Small Business Finance News

American Airlines And U.S. Airways Finalize Deal For Merger

Written by Tim Morral
Published: 12/10/2013

Following a favorable court ruling last week, the two airlines have completed a merger deal, paving the way for a scenario in which 80% of U.S. air travel will be dominated by just four airlines.

Although it was a long time in the making, the merger of American Airlines and U.S. Airways finally become official, creating what many are touting as the world's largest airline.

Airline Merger

The merger comes on the heels of a recent court ruling that allowed American Airlines to emerge from bankruptcy and complete the deal. Based on the details of the deal, the two parent companies, AMR Corp. and US Airways Group, Inc., will be consolidated under the name, American Airlines Group, Inc., and will trade on the Nasdaq under the symbol, AAL.

Most small business travelers are extremely conscious about ticket prices and rate cost saving strategies high on the list of air travel tips for entrepreneurs. Legal challenges to the merger asserted that the deal would ultimately lead to higher ticket prices for air travelers, a claim that company executives deny.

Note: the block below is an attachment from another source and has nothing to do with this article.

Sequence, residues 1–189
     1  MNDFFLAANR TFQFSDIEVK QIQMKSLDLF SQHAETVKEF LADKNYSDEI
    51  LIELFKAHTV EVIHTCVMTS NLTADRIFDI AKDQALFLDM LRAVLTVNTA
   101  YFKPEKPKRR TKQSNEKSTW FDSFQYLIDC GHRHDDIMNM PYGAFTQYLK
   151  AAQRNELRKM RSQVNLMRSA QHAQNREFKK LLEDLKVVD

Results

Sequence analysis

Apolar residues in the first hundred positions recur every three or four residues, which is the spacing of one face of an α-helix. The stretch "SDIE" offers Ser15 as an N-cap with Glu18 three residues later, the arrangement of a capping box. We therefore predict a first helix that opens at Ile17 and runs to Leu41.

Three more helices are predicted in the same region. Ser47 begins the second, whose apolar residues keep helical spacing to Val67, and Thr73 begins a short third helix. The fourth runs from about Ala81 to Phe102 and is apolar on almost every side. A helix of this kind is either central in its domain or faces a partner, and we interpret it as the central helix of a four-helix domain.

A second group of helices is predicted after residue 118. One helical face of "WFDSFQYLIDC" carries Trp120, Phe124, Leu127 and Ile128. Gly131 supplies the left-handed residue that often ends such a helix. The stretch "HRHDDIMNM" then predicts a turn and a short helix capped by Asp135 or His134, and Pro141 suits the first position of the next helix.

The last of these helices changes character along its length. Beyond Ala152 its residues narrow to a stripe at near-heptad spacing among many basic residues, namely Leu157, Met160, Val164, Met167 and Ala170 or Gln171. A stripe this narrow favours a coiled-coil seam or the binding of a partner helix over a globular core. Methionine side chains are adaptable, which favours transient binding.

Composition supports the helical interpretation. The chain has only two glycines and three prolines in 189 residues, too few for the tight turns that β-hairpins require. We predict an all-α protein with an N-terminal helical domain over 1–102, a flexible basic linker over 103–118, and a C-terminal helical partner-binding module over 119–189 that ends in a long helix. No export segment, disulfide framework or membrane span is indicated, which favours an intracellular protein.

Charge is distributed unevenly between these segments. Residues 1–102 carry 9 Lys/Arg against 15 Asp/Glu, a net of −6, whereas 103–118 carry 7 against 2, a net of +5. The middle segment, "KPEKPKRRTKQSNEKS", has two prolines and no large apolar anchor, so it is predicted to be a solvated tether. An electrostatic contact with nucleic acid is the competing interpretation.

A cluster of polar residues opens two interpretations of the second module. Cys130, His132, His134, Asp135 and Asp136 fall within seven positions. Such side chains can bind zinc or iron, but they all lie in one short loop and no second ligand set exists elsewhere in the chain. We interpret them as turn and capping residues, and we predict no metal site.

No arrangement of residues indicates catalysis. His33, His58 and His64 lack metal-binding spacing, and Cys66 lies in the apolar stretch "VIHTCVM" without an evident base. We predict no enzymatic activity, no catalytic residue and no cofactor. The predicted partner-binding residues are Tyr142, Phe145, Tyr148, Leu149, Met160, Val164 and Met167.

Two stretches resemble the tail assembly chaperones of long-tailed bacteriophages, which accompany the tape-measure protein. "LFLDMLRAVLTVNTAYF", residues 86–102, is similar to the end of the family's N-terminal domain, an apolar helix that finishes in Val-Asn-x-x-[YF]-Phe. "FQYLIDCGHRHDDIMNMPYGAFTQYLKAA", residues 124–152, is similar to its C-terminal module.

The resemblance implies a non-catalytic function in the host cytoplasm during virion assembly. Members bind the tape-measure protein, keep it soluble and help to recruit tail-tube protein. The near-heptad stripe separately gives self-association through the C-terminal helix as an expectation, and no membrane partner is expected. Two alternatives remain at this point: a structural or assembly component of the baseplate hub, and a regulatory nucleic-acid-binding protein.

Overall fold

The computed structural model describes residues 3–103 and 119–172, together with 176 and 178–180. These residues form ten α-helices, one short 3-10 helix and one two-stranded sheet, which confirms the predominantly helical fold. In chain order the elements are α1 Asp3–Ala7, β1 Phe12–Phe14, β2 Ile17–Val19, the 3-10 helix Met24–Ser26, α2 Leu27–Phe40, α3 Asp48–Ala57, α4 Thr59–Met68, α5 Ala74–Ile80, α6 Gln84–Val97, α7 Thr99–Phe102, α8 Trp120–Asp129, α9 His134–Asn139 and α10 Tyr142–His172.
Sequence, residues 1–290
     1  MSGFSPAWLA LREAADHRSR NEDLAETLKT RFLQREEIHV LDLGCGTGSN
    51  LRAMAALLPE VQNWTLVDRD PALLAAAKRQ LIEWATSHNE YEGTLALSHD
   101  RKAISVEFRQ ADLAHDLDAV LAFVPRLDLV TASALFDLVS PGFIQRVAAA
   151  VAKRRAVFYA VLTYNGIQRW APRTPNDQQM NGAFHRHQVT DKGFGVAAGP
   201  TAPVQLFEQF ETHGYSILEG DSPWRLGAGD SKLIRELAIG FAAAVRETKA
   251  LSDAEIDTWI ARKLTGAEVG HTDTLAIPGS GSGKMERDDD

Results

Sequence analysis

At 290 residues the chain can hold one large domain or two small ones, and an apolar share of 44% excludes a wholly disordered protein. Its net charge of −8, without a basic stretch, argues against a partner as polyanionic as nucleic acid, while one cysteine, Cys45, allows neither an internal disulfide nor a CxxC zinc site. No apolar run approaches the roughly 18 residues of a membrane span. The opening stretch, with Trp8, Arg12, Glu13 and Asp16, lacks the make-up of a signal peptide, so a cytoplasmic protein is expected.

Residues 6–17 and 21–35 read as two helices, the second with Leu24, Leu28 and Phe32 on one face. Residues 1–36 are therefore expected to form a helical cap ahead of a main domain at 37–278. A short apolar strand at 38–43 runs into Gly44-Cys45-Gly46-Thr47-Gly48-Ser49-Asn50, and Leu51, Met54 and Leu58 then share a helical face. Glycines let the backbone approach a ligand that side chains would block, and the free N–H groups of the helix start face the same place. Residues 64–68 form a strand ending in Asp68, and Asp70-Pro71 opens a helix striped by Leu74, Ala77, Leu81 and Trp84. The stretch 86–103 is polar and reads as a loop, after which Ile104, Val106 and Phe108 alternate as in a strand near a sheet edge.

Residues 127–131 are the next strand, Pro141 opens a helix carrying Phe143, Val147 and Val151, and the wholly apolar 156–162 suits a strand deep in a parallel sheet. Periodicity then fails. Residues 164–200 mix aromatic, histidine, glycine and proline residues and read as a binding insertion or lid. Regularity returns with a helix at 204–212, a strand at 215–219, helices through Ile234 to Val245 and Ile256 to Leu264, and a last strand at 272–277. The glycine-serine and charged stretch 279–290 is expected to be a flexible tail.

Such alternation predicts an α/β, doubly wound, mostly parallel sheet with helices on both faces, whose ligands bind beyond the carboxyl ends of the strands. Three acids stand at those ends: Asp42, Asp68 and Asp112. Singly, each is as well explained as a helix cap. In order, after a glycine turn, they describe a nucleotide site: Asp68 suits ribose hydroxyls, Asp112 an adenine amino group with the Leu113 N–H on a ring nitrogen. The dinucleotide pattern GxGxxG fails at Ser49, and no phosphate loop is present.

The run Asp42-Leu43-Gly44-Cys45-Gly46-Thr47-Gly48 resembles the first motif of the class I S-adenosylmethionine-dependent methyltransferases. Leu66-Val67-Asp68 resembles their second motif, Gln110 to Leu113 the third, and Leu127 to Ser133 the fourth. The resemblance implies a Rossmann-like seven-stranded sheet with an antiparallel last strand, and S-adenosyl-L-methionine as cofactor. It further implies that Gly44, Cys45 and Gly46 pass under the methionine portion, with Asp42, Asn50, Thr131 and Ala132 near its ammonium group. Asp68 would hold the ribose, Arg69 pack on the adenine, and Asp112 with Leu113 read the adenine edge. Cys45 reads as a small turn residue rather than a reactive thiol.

"Our goal here is to go and restore American Airlines to its position as the greatest airline in the world," new American Airlines Group Inc. CEO Doug Parker told the Associated Press. "Airline prices are like prices in other businesses -- they track with supply and demand, and we're not reducing any of the supply."

Physically merging the two airlines will take time and even though travelers have been told to expect no immediate changes, airline consolidations have a history of problems. For example, the Continental-United merger resulted in computer networking issues that still aren't fully resolved, and merging American's and U.S. Airways' employees will be a challenge, since they are represented by two different unions.

Additionally, both American and U.S. Airways have consistently ranked poorly in air travel customer satisfaction surveys--a trend that the new airline's executive hope to turn around as quickly as possible.

"American could use improvement on courtesy, service and condition of their aircraft -- they have some really old planes," said one air traveler, who was skeptical that U.S. Airways had much to offer the beleaguered airline. "I've never been impressed with US Airways."

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